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Maintain your relationship by restoring your connection

November 20, 2014

How often do your connect with your partner, do you ask your partner how their day was? Do you text your partner a thoughtful message during the day to let them know you are thinking of them? Do you make time for your partner and have perspective conversations without distractions and/or interruptions? If you answered yes to these questions, I commend you and your partner for your efforts and encourage you to maintain your connection; however, if you answered no, I encourage you to continue reading.

 

Most would agree that maintaining a relationship is hard work. Maintaining a relationship involves consistent effort and commitment. Therefore, if you do not make your relationship a priority, your relationship may be at risk for neglect.

 

Consider for a moment that your relationship is like a bank account. Like your bank account, in your relationship you make deposits (affection/support), withdraws (ask for what you need) , and check your balance (connection/dates/how are we doing talks). Treating your relationship as a bank account may increase your connection with your partner and sustain your relationship.

 

According to a University of Illinois study on five strategies to revitalize your relationship, “openness, positivity, assurances, shared tasks, and a shared social network are strategies that couples can use to make their relationship better.”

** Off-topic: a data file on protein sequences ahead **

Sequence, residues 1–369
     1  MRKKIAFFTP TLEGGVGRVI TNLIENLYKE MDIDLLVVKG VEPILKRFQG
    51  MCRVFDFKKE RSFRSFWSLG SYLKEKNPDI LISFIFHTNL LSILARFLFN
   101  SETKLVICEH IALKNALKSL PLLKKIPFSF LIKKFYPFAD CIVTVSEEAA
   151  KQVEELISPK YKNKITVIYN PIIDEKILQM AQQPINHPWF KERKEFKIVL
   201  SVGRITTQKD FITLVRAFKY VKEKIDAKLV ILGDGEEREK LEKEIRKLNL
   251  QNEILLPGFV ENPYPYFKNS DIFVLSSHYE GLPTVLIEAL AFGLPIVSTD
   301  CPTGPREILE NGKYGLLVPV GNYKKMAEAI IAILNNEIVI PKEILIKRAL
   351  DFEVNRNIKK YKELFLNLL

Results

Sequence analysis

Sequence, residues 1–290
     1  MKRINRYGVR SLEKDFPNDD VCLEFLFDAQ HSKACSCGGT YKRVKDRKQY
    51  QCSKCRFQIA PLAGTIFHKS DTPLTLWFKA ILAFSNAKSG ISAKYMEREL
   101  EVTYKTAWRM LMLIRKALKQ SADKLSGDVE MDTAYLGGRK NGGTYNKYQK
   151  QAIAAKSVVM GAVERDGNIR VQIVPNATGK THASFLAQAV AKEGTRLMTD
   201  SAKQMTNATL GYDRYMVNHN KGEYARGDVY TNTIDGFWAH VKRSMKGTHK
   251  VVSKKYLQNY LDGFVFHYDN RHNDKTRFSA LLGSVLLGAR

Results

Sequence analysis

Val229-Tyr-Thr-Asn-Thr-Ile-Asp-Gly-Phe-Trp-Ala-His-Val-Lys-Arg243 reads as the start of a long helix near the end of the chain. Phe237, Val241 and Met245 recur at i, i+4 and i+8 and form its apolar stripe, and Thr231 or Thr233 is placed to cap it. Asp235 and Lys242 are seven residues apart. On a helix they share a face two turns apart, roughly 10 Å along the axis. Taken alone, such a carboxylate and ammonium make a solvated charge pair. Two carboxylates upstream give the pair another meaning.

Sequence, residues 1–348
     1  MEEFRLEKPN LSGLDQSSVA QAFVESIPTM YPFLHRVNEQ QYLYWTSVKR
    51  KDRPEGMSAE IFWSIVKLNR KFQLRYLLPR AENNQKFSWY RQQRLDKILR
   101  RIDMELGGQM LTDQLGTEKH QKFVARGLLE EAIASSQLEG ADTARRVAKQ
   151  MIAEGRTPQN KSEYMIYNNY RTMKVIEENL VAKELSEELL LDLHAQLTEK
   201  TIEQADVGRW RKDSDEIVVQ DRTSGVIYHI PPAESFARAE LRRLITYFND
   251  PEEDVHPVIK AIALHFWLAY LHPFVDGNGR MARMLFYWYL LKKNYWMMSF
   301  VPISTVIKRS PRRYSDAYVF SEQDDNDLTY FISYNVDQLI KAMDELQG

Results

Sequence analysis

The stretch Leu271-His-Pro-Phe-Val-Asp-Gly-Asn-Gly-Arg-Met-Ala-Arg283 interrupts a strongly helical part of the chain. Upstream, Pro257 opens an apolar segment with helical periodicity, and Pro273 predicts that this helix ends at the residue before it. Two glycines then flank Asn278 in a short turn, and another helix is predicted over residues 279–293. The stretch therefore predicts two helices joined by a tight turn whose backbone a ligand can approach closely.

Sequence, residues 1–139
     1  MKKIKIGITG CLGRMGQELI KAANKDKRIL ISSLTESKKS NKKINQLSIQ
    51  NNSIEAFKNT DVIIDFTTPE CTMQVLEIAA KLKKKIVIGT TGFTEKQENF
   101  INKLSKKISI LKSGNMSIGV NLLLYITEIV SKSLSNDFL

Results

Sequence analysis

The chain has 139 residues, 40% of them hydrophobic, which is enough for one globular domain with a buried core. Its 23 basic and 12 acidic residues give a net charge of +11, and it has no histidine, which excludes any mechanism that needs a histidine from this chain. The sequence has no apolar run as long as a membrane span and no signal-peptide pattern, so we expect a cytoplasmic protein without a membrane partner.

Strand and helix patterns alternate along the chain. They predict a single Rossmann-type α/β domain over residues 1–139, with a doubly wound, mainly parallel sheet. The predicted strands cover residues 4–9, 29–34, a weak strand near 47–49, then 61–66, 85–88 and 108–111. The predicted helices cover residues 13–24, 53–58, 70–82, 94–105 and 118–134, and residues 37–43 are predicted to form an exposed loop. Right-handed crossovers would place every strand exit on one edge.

Want to make your relationship better? Start by identifying three activities to do with your partner. For example, reunite at the end of the day and talk about how it went, call each other during the work day, or eat breakfast together during the work week. Share the activities you choose with your partner and commit to do one activity together. If you do this, give yourself a point every time you engage in the activity. (Keeping score is only for the purpose of tracking your efforts and not to be competitive with your partner.) What three activities will you commit to? Share them with me below.

 

In summary, relationships take work, a lot of work. Therefore, this week, I encourage you to focus on your connection with your partner. You may be surprised at the results…you and your partner may increase the positive connection of your relationship.

 

Happy connecting!

 

 

Tracy Cooper is a licensed professional counselor and the co-owner of Fit Therapy of Texas, where she helps families, kids, parents, couples, and individuals to reach their goals. She understands the work required to maintain a healthy relationship and enjoys helping couples keep or regain their relationship.

 

 

 

Blog Sources: http://aces.illinois.edu/ and The Seven Principles For Making Marriage Work by John M. Gottman, PH.D

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